Unlike biased rendering techniques, which take shortcuts to reduce computation time often at the expense of accuracy, unbiased techniques aim to produce images that are mathematically correct representations of the scene without introducing systematic errors or biases.

The main advantage of unbiased rendering is its potential for photorealistic results, as it can more accurately simulate the interactions between light and materials.

Global Illumination

One of the most significant advantages of this method is its ability to calculate global illumination. In contrast to local illumination techniques that focus solely on direct lighting, global illumination also accounts for indirect lighting, meaning light that bounces off surfaces multiple times before reaching the viewer. This results in much more photorealistic images and more immersive video game experiences. Read more about global illumination here.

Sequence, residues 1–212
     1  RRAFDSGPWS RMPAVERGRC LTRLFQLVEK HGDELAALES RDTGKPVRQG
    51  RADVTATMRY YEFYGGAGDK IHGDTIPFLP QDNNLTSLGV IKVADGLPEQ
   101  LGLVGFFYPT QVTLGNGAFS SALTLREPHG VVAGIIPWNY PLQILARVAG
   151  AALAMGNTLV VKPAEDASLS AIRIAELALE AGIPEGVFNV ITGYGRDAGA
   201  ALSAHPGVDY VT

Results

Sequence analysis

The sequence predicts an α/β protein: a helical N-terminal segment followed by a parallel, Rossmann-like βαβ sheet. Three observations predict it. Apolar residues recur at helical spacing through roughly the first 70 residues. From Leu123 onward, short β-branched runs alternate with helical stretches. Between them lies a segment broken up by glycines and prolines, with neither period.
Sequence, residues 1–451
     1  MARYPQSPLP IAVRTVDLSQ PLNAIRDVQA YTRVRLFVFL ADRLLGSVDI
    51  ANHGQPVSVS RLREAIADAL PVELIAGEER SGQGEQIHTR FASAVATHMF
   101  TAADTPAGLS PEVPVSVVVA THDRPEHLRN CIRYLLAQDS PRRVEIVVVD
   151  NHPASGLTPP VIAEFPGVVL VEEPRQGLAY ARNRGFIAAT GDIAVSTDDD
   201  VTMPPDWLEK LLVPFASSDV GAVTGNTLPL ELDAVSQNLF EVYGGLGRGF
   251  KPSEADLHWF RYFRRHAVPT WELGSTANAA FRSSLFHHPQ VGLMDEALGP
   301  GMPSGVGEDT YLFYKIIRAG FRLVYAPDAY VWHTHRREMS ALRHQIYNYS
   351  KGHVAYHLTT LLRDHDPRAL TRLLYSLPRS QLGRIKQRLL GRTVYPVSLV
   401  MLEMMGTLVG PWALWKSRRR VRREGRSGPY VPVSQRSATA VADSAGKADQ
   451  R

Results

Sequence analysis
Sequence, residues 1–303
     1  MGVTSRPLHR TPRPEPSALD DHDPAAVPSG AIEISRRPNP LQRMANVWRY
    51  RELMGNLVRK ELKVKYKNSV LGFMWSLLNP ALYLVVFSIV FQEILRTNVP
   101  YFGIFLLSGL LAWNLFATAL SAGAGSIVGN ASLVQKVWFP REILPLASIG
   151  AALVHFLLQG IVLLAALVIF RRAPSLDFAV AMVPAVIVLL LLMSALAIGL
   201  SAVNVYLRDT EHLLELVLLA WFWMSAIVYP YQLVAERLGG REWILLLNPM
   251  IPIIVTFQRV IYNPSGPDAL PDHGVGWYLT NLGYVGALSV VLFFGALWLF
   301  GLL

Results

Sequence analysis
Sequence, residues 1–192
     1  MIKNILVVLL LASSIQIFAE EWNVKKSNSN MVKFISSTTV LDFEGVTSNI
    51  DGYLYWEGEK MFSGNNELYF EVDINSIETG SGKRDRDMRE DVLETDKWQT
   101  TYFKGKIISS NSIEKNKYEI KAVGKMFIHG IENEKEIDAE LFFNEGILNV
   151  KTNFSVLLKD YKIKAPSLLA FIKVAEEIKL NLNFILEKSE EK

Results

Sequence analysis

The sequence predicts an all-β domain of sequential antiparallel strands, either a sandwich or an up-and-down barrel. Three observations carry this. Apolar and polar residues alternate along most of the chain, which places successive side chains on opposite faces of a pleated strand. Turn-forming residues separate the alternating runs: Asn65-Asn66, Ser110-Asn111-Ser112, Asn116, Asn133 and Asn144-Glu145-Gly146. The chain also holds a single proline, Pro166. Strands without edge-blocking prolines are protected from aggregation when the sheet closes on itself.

Sampling and Noise

Because path tracing relies on random sampling, the resultant images can contain noise, especially with a low number of samples per pixel. High-quality, noise-free images require a large number of samples, which increases rendering time. Noise reduction techniques and denoising algorithms are crucial for making path tracing feasible for both offline and real-time rendering.

Core Path Tracing Algorithms

At the heart of this technique are several algorithms that work in tandem to produce accurate and photorealistic renderings. Some of these key algorithms include:

Monte Carlo Integration: This method is widely used to handle the complex integrations involved in global illumination, efficiently approximating the rendering equation in path tracing and significantly reducing noise in the final render.

Bidirectional Path Tracing (BDPT): An enhancement to the standard path tracing algorithm, BDPT traces two separate light paths - one from the light source and another from the camera. These paths are then joined, reducing the overall rendering time and improving visual quality, particularly in scenes with indirect lighting.